A Brief History
The Summer Olympics are less than a year away, and the whole world continues to prepare, each participating country readying its athletes for those two weeks of sports events. In the same way, the various committees involved in the whole affair are slowly preparing for their roles in this international multi-sport event.
Those watching may see just the obvious factors that go into this sporting spectacle, from the torch-carriers to the parade of athletes and the events that follow. But one of the factors that make the Olympics what they are goes largely unseen, and that’s timekeeping. In fact, timekeeping is a big part of the Games.
Think about it: when you and your coworkers are asked for the time, you may give slightly different answers, based on what you see on your watches or on your mobile phones. Even if the difference is just 30 seconds, in the Olympics, that could lead to a world record remaining unchanged when it should have been broken.
That’s why, since 1932, Omega watches have been the official timekeeping device used in Olympic events. In light of that little tidbit, here are a few interesting facts you might or might not have known about this brand of watches.
The Company Changed Names A Few Times
Omega is one of the best-known luxury watch brands worldwide, but it wasn’t always known by that name. The brand was first known as La Generale Watch Co., founded by Louis Brandt in La Chaux-de-Fonds in Switzerland. Later, when Brandt’s two sons joined him, it became known as Louis Brandt & Fils.
As Watchtime mentions in an article focused on the brand, the company produced a new movement called the Omega caliber in 1894. It proved highly successful thanks to how easy it was to repair and how accurate it was. The company included the movement’s name in its next name change: Louis Brandt & Frere – Omega Watch Co.
Now, it’s known by another name, which is simply Omega SA.
It Was the First Watch Worn On the Moon
Omega Seamaster watches first became involved in space exploration when a group of astronauts went looking for timepieces they could use on program flights. A year later, engineers hired by NASA tested equipment for astronaut use, using brutal tests that would determine just how sturdy the equipment was.
Of the three watch brands tested, Omega emerged the clear winner and was declared fit for any and all manner of a manned space mission. Less than ten years later, Buzz Aldrin followed Neil Armstrong from the Eagle and onto the Moon’s surface – and he was wearing his Omega Speedmaster Professional.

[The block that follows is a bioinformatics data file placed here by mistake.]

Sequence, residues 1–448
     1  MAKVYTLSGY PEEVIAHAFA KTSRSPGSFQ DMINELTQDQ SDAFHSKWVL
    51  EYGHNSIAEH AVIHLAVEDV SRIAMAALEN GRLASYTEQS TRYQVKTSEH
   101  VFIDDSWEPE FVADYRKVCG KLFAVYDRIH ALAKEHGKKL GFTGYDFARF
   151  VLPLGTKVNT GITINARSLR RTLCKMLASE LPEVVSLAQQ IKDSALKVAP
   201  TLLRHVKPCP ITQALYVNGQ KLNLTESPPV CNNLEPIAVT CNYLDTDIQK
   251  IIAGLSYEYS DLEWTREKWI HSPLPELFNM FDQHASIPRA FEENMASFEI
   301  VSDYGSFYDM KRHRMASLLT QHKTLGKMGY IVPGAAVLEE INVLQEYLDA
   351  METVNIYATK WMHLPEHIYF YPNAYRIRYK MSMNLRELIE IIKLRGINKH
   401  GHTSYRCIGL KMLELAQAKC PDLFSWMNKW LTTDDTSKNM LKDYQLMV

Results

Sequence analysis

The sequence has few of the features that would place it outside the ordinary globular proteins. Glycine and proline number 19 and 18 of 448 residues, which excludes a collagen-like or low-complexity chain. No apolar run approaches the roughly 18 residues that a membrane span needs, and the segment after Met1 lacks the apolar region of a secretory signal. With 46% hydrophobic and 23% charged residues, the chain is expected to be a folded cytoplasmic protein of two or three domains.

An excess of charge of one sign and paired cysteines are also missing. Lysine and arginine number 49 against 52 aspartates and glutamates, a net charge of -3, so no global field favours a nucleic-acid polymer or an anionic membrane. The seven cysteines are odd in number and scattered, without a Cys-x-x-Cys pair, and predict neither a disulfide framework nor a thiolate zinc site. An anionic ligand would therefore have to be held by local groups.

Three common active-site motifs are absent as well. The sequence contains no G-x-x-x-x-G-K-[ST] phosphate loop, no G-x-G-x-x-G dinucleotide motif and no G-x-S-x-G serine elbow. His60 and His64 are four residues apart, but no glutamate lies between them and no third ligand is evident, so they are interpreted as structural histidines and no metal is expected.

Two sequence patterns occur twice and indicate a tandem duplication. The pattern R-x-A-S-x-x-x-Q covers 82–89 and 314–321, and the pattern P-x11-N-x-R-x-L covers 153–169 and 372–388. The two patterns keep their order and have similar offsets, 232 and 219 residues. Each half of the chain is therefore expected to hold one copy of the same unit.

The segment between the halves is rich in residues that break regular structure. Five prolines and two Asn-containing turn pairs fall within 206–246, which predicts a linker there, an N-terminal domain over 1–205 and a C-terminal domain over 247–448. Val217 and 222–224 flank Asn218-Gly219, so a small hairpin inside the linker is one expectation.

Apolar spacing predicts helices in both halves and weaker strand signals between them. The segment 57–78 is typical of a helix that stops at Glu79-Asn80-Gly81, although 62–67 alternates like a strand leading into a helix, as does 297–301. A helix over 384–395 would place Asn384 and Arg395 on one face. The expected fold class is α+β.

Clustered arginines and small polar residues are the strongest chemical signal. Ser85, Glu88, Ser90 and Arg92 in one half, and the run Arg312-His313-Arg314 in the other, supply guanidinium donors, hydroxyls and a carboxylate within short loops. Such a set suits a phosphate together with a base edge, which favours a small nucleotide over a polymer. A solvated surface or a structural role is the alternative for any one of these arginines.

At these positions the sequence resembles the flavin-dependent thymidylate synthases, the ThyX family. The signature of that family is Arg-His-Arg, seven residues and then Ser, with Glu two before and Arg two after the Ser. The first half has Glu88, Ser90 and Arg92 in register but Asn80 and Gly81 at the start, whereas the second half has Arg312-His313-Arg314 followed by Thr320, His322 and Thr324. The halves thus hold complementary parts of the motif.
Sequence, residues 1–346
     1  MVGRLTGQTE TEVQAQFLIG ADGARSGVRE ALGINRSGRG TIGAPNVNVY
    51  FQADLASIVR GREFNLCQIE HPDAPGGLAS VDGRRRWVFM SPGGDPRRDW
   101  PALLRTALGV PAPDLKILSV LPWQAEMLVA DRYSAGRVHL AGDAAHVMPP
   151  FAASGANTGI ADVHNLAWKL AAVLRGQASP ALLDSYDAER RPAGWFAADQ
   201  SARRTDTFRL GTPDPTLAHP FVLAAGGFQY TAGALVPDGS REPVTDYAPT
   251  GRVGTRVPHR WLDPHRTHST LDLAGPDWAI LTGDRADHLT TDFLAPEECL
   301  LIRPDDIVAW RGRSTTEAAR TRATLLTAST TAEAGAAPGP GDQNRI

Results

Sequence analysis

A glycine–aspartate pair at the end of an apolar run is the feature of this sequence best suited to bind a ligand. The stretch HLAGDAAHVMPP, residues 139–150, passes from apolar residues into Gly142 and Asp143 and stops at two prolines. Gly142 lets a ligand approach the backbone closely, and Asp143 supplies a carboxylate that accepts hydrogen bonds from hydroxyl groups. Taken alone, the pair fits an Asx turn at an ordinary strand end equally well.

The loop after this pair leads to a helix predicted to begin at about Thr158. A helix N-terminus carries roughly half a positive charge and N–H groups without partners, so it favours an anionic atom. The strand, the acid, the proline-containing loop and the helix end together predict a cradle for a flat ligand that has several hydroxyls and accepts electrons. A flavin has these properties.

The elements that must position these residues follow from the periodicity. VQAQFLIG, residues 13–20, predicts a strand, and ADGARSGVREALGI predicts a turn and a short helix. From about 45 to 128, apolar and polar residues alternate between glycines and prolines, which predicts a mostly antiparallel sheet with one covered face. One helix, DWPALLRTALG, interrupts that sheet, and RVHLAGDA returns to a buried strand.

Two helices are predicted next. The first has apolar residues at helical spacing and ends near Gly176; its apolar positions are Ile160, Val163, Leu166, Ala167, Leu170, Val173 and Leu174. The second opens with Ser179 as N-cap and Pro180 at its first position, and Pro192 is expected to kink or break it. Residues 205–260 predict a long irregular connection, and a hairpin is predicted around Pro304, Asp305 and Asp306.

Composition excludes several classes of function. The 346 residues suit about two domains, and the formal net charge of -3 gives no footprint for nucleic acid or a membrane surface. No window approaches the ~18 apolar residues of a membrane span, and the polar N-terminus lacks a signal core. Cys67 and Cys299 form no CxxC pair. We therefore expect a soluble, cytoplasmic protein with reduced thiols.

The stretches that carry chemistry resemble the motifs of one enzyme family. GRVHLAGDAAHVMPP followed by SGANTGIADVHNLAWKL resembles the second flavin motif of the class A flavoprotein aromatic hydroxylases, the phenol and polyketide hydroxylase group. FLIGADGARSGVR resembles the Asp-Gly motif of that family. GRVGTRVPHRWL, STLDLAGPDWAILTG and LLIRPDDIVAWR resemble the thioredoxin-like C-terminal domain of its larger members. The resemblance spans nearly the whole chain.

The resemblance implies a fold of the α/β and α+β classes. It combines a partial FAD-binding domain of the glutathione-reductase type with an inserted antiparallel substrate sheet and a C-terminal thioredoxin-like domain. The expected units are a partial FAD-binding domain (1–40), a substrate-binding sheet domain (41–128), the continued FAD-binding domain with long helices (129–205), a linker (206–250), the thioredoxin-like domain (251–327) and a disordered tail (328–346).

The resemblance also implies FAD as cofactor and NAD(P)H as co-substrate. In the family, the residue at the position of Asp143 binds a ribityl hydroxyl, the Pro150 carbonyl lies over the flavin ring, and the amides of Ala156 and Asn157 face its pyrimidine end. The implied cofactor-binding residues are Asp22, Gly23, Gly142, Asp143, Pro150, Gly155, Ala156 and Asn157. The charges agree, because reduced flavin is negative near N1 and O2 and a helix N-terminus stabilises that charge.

One Of Its Endorsers is a Fictional Person
Omega SA has quite a list of endorsers besides Buzz Aldrin. The list includes the likes of Nicole Kidman, George Clooney, Eddie Redmayne, Michael Phelps, Sergio Garcia, and the current face of James Bond, Daniel Craig. And surprisingly, that fictional character is one of Omega’s biggest endorsers.
As stated by the Swiss Swatch Group – of which Omega SA is a subsidiary – James Bond and his Seamaster have yet to part ways since 1995. You might have learned about this brand from this very spy, since the partnership is one of the most recognized.
The Seamaster Line Was Launched to Celebrate an Anniversary
The Omega Seamaster is the oldest line in Omega SA’s current collection, which currently includes the De Ville, Constellation, and Speedmaster lines. Interestingly, the Seamaster was launched in celebration of the brand’s 100th anniversary.
The Seamaster proved that not only were Omega-brand watches the most accurate of timekeeping devices but among the most durable, if not the most durable. In fact, a recent prototype model broke a record for depth resistance by going into the deepest part of the ocean – the Mariana Trench.
No matter who you’re cheering for at the Olympics this year, remember that the world records made and broken, not to mention the wins and losses at this multi-sport event practically depend on Omega watches – and with good reason.
With the brand’s adherence to its motto of accuracy for life and its apparent dedication to quality, its reputation and luxury status are well-deserved. And if you’re considering one for yourself or for someone you care for, it is definitely worth the investment.
Question for students (and subscribers): Have you ever wanted to compete in the Olympics? Please let us know in the comments section below this article.
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For more information, please see…
Goldblatt, David. The Games: A Global History of the Olympics. W. W. Norton & Company, 2018.
The featured image in this article, a photograph by Nick Webb from London, United Kingdom of Usain Bolt after 0.5 seconds, is licensed under the Creative Commons Attribution 2.0 Generic license. This image, originally posted to Flickr, was reviewed on by the administrator or reviewer File Upload Bot (Magnus Manske), who confirmed that it was available on Flickr under the stated license on that date.